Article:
A parent complaint caused a Florida school to remove Disney’s Ruby Bridges movie from Black History Month curriculums

In case you’ve missed this news, Florida keeps passing laws that give parents more and more control over what their kids see and learn about at school. These laws have already had absolutely apocalyptic effects—like when teachers removed unapproved books from their classrooms prior to the start of the current school year under fear of felony charges. Now, another consequence: because of a single parent’s complaint, elementary schoolers are banned from viewing Disney’s Ruby Bridges, which tells the true story of the 6-year-old little girl who integrated schools in New Orleans in the 1960s.

Ruby Bridges, which was released in 1998, has been part of Pinellas County’s Black History Month curriculum for years. But now it’s been removed, thanks to a complaint and formal challenge from parent Emily Conklin, who wrote that scenes containing racial slurs and depictions of white people threatening Ruby could result in students thinking that white people hate Black people.

The school district says the movie’s removal is currently temporary, pending an official review. But the problem with these types of content reviews in Florida is that they have no timeline—recently, Toni Morrison’s book The Bluest Eye was banned for months due to a parent’s complaint that was ultimately overturned.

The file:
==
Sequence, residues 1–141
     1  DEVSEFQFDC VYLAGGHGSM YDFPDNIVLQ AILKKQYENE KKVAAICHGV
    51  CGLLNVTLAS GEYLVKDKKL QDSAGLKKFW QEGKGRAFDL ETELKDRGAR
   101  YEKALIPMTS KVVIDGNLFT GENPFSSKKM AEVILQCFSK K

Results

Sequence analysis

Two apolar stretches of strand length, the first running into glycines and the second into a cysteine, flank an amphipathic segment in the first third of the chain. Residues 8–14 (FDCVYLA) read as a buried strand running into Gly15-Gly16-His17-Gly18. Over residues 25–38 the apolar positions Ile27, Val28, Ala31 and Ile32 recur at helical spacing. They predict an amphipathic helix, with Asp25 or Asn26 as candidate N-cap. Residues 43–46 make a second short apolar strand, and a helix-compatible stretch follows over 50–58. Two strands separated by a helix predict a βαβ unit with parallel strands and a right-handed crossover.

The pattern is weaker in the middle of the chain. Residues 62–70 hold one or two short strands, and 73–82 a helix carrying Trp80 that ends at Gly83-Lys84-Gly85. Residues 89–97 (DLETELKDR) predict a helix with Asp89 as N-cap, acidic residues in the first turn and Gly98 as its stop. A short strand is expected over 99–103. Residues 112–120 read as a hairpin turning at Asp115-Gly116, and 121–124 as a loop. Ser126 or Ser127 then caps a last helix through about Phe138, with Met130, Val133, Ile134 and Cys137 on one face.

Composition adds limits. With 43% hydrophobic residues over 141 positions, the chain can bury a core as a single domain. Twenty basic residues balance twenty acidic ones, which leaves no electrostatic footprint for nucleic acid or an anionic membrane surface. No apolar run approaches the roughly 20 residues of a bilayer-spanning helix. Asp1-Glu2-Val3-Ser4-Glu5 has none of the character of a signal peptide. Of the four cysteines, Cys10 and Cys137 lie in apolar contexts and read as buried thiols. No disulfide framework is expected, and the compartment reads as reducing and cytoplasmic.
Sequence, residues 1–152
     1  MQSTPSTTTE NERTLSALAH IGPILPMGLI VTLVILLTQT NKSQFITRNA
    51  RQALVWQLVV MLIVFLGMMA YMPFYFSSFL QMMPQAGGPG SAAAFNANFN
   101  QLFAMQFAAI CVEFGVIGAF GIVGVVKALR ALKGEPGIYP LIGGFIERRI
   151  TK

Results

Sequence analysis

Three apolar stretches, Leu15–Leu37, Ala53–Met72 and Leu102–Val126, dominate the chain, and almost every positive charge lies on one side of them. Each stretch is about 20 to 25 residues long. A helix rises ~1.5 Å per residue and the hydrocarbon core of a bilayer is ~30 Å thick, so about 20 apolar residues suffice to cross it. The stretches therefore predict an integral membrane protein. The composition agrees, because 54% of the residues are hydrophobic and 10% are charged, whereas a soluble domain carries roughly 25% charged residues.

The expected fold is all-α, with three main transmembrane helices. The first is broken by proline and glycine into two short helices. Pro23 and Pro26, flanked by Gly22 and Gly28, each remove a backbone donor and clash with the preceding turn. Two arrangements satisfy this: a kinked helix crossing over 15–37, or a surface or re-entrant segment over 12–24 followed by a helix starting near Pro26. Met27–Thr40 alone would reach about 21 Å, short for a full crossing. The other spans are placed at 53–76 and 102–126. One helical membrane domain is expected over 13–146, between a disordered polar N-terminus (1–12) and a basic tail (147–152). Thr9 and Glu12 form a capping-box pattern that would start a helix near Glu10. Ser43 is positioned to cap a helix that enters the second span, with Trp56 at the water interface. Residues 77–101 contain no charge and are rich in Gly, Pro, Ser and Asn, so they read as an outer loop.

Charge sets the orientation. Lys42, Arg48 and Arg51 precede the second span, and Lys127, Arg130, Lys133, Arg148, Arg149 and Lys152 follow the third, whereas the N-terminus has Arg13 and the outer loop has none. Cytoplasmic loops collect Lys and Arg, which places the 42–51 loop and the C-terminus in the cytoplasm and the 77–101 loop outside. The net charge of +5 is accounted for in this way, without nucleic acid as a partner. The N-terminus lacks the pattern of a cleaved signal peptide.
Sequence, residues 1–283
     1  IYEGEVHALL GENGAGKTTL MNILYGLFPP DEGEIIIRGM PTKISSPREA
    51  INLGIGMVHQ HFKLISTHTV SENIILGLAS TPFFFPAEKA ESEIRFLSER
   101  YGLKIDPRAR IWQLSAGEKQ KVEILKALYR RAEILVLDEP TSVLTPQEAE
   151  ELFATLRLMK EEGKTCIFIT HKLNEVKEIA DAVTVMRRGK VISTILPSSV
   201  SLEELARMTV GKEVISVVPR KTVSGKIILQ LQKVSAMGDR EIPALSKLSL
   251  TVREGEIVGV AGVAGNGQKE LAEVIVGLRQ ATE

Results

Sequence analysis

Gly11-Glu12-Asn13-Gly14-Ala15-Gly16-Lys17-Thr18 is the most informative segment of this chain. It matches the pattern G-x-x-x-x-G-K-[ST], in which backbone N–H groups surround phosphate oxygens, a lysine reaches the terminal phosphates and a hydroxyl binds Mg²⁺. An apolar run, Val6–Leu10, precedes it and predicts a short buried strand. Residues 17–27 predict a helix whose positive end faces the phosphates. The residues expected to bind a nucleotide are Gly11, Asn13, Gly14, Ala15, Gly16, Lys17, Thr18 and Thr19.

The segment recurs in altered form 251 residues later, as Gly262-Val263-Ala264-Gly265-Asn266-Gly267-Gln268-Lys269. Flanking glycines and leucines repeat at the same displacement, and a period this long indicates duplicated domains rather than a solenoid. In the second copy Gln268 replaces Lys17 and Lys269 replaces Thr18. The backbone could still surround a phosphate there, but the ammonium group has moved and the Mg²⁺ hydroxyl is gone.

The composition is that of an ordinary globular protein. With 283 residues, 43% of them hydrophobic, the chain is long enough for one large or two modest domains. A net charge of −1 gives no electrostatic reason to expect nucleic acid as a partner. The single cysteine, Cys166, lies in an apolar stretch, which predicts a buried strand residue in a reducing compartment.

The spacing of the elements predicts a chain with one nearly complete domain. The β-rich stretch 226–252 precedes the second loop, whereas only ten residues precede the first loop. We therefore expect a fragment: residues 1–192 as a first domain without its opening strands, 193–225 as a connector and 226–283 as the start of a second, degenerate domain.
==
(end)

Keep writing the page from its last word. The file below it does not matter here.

The decision to ban Ruby Bridges has drawn widespread criticism from inside and outside of Florida.

“Many from historically marginalized communities are asking whether this so-called integrated education system in Pinellas County can even serve the diverse community fairly and equitably,” said Ric Davis, president of Concerned Organization for Quality Education for Black Students.

Lawmakers in Florida have said that they don’t want anything taught about race in the state’s schools—including books, movies, or lessons—to make students uncomfortable, but that they want the facts represented honestly. Ruby Bridges is a historically accurate retelling of a true part of history—including the racial slurs and violence at the hands of anti-integration white parents in 1960s New Orleans.

“Think about it. A 6-year-old girl (Ruby Bridges) can go to school every day with armed guards, but second graders can’t learn about it?” Davis said. “It doesn’t make any sense.”

It doesn’t make any sense, but it’s the state of education in Florida right now. And with more bills moving through the legislature—including one that would ban girls from talking about their periods at school before sixth grade—things aren’t likely to improve any time soon.

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